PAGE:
Woman on Top
Copping the bestseller slots… easily
By Louisa Ermelino
With the current wisdom holding that women are taking over, wearing the pants, and bringing home the bacon (even if they are no longer cooking it), we’re excited to note that this week six new titles hit our Hardcover Fiction list, three of them in the top five and every one of them written by a woman. In fact, for the first time this year, the top seven slots are all filled by women, and these are women who have been knocking out the numbers consistently. And we all know how difficult it is to stay on top. PW Pick Gillian Flynn has been holding the #1 slot with Gone Girl, her thriller of a missing wife, that after 13 weeks on the list is still going strong, selling 27,000 copies this past week, according to Nielsen BookScan. Right behind her is the first of the new six, Tess Gerritsen, with Last to Die, her 10th book featuring Boston detective Jane Rizzoli, which racked up 14,000 in sales. Gerritsen once told PW about a close family friend who came to her house when she was 12 after murdering his sister-in-law. Obviously a prescient event. The Beautiful Mystery by Louise Penny scores the #3 position. Based in Quebec, Penny’s detective, Armand Gamache, is based on her husband, a retired pediatric hematologist, she has told PW. The #5 title belongs to Kathy Reichs with Bones Are Forever, the 15th installment in the series featuring forensic anthropologist, Temperance Brennan. Susan Wiggs takes #15 with the romance Return to Willow Lake, and at #18 there’s Christie Golden’s fantasy, World of Warcraft: Jaina Proudmoore. And forever favorite Anne Perry, whose historical detective mysteries have been selling since the first one appeared in 1979, sits at #19 with A Sunless Sea. Women rule. What else is new?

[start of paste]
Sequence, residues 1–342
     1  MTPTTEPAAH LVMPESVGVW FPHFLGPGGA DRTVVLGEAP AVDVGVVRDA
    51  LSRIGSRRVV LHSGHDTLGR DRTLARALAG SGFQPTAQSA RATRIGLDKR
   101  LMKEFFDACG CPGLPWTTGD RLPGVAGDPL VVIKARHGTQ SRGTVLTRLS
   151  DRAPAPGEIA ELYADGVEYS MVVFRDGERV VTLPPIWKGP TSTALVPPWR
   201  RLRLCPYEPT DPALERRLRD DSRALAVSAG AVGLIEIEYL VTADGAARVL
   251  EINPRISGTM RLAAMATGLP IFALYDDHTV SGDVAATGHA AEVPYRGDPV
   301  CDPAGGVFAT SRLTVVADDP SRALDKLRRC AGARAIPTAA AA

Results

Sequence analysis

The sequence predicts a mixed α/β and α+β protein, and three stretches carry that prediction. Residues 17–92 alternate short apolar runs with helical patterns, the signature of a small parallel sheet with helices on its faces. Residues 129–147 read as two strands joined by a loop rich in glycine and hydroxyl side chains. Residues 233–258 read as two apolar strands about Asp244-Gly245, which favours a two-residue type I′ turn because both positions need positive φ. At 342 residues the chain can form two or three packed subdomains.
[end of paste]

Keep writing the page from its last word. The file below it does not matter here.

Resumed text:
Boldly Unflinching: Christopher Hitchens
“Diagnosed with the esophageal cancer to which he eventually succumbed in December 2011,” PW said in its review of Mortality, “cultural critic Christopher Hitchens found himself a finalist in the race of life, and in his typically unflinching and bold manner, he candidly shares his thoughts about his suffering, the etiquette of illness and wellness, and religion in this stark and powerful memoir.”
That memoir debuts at #12 on this week’s Nonfiction list. “The reviews have been plentiful and prominent,” says Brian McLendon, associate publisher at Twelve. Hitchens’s widow, Carol Blue, “will be doing publicity on behalf of the book,” he adds. Blue has already appeared on Bob Edwards’s SiriusXM show, as well as CBS This Morning. On Sept. 12 she will be a guest on NPR’s Talk of the Nation. In November, Blue and Twelve editor-in-chief Cary Goldstein will speak at the Miami Book Fair.
PW’s review closed by saying, “Hitchens’s powerful voice compels us to consider carefully the small measures by which we live every day and to cherish them.” —Mark Rotella
Latest Prophecies from John Hagee Debut at #2
Texas pastor John Hagee is well-known for his bestselling titles on biblical prophecy—a popular topic among some evangelicals—and his newest, The Power of the Prophetic Blessing (Worthy), debuts this week in the #2 spot on our Nonfiction Hardcover list. Hagee has authored four previous bestsellers on prophecy, including The Beginning of the End (1996); Day of Deception (1997); Final Dawn over Jerusalem (1998); and Can America Survive? 10 Prophetic Signs That We Are the Terminal Generation (2010). The Power of the Prophetic Blessing carries a 75,000 first printing.